Rita was five years old when she was forced to flee her home in Poland to hide from the Nazis. From the summer of 1942 to mid-1944, she and fourteen members of her family shared a nearly silent existence in a cramped, dark attic. Her brother, then her mother died before her eyes. Through the attic window, she saw an uncle shot before their eyes. Then, her surviving family spent five years wandering through Europe, waiting for a country to accept them.

We tried to help our teens understand the significance of this moment. I recalled the moment that half of them stood on this bimah with their parents and grandparents as Torah was passed down midor lador, from generation to generation. Each of them remembered the moment they held our heavy sefer Torah, Torah scroll, heavy both because it was physically heavy but moreso because it was a heavy burden they assumed. They were now responsible to carry Torah and its values into the world and to pass it onto the next generation.

Today, I told them, they assume another burden. They become witnesses to the tragedy, the fiery hell called the Holocaust. Reminding these young people that within ten years there will be very few survivors still living, I urged them to listen carefully. In ten years, when people lie and suggest that the Holocaust didn’t happen, or that 6 million didn’t die, or that just a few were killed, there will not be survivors to tell the truth. These young people sitting in our synagogue need to remember this story and become the witnesses, the truth-tellers about the Holocaust.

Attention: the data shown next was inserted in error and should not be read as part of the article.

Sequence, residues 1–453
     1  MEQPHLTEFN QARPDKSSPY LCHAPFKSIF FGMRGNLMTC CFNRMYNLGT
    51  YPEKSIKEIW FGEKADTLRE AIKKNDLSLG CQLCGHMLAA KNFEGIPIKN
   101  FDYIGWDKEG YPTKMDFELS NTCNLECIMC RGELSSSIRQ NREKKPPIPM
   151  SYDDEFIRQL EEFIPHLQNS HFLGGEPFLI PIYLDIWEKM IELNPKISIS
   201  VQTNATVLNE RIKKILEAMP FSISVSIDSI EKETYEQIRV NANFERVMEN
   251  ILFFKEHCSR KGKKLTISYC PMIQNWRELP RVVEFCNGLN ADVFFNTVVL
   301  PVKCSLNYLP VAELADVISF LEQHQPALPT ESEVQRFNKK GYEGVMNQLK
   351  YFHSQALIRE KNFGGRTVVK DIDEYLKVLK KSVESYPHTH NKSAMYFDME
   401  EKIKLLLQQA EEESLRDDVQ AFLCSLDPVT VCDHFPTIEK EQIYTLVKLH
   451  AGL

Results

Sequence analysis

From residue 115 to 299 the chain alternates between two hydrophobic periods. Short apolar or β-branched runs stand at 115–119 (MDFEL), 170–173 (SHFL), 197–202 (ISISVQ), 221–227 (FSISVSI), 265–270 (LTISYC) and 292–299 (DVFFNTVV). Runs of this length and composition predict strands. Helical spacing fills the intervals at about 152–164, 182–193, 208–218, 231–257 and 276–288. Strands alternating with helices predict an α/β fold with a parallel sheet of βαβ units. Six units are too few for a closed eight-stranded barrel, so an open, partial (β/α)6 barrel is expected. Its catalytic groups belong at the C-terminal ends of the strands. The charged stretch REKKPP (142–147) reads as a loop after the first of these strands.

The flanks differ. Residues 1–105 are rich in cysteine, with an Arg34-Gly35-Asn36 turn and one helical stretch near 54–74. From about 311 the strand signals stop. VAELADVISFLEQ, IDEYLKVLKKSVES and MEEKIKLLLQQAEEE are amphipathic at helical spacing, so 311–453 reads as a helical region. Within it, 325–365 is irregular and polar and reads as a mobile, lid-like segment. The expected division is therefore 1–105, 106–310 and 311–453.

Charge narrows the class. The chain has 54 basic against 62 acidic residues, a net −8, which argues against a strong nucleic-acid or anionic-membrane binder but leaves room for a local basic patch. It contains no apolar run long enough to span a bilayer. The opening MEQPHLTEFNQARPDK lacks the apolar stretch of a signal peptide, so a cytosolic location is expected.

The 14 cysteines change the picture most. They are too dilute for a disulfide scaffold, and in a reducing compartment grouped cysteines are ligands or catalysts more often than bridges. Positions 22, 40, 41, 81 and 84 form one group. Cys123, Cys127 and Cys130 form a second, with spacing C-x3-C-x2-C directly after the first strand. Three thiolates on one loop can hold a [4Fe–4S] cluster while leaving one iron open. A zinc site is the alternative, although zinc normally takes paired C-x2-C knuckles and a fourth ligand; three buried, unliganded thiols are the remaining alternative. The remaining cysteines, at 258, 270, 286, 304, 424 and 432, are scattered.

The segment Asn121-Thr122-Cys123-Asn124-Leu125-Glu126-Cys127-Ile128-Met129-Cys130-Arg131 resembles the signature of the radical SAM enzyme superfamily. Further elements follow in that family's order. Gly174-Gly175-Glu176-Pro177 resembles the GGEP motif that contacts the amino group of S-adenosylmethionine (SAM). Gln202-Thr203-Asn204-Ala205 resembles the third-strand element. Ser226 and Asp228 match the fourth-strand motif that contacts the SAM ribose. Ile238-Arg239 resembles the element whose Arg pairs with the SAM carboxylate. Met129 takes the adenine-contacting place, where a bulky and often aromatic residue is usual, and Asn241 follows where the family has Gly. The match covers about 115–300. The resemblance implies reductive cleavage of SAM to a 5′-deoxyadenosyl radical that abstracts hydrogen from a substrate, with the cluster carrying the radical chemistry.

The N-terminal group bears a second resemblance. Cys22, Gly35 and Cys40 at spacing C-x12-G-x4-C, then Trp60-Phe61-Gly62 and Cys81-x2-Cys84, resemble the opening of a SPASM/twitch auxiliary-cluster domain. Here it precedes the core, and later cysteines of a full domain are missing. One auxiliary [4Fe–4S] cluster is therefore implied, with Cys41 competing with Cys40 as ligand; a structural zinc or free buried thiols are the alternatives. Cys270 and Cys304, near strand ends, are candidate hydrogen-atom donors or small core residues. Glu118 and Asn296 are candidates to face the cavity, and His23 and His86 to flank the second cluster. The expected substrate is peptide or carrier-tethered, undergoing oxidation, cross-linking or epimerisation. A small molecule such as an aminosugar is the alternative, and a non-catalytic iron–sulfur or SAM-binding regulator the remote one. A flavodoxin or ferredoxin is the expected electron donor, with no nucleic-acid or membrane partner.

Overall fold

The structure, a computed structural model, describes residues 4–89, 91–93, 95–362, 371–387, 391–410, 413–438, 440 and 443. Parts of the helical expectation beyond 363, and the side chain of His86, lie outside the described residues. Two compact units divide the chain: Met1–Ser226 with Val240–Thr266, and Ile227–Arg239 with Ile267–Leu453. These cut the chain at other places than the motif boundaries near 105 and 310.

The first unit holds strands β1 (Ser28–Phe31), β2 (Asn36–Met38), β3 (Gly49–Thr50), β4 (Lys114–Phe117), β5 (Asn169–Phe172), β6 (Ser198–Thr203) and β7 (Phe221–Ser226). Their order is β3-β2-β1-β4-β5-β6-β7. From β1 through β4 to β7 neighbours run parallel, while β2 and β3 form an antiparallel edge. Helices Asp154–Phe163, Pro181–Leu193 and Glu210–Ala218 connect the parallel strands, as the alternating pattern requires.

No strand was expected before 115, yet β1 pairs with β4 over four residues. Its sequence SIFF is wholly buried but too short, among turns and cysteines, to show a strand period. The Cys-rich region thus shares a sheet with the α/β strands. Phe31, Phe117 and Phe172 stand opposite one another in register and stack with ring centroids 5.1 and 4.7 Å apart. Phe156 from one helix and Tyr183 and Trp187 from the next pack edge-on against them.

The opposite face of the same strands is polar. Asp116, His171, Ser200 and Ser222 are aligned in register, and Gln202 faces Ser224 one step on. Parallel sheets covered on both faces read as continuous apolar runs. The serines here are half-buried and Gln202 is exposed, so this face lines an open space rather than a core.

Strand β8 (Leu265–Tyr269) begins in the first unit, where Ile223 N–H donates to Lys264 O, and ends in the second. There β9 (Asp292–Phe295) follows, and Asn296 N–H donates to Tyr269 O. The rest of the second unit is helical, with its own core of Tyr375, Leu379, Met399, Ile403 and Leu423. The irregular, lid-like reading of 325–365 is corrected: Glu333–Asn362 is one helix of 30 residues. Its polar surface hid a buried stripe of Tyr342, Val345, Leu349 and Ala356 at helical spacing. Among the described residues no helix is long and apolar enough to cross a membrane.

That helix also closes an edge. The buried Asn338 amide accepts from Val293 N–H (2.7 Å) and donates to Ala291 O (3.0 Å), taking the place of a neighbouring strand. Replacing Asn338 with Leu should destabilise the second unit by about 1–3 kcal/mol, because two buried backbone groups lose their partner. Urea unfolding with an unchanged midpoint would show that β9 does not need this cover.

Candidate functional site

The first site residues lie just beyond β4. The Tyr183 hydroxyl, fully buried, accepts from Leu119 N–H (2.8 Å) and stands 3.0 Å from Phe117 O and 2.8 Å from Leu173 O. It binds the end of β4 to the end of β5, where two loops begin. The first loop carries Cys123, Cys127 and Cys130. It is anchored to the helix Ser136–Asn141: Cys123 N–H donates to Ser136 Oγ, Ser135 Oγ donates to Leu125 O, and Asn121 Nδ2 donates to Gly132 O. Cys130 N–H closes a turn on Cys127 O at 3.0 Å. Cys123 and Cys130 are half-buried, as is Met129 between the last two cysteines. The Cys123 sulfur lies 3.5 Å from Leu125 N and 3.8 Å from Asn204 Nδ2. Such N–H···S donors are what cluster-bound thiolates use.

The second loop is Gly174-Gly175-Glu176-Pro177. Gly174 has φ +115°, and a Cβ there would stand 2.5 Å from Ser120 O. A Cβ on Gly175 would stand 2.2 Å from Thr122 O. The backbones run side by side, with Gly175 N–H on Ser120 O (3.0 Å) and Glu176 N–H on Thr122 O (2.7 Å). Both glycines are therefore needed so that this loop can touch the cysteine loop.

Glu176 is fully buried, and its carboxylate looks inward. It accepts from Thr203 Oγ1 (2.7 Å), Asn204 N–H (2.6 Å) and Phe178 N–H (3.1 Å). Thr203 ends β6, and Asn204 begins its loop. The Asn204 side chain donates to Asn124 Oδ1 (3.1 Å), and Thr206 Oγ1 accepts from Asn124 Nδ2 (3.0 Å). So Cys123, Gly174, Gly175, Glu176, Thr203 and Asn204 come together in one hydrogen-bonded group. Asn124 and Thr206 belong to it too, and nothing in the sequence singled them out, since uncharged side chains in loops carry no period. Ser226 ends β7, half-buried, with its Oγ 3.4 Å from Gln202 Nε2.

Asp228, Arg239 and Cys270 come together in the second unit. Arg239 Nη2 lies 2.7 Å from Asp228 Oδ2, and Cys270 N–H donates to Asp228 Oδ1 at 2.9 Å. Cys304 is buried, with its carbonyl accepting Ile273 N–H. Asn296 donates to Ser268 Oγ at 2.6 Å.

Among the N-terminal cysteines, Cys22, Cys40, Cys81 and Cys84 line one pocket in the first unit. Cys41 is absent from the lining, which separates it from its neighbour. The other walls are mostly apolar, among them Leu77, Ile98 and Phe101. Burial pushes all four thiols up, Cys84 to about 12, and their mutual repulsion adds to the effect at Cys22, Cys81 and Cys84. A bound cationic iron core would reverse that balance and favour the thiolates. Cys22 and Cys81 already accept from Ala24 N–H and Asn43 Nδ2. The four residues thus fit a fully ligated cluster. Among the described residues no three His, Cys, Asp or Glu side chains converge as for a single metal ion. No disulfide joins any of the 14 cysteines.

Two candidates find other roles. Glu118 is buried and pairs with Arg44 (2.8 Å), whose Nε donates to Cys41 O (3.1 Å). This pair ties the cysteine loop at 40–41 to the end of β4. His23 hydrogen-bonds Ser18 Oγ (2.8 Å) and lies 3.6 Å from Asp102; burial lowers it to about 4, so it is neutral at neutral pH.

With her daughter Leslie Gilbert-Lurie, Rita co-authored Bending Toward the Sun, a Mother and Daughter Memoir. A beautifully written family memoir, Bending Toward the Sun explores an emotional legacy—forged in the terror of the Holocaust—that has shaped three generations of lives. Leslie Gilbert-Lurie tells the story of her mother, Rita, who like Anne Frank spent years hiding from the Nazis, and whose long-hidden pain shaped both her daughter and granddaughter’s lives. Bringing together the stories of three generations of women, Bending Toward the Sun reveals how deeply the Holocaust lives in the hearts and minds of survivors and their descendants.

I am not sure which moved me more: the horrifying story of the reality Rita experienced hiding from the Nazis, or the rapt attention our young people gave to Rita as she told her story.

Will they remember the story? Do they understand what really happened in the Holocaust? Can they stand as witnesses?

Only time will tell. We do our part making sure the stories are told, that the witnesses are heard. Then we hope and pray.

May the memory of the six million Jews and the five million others be for a blessing.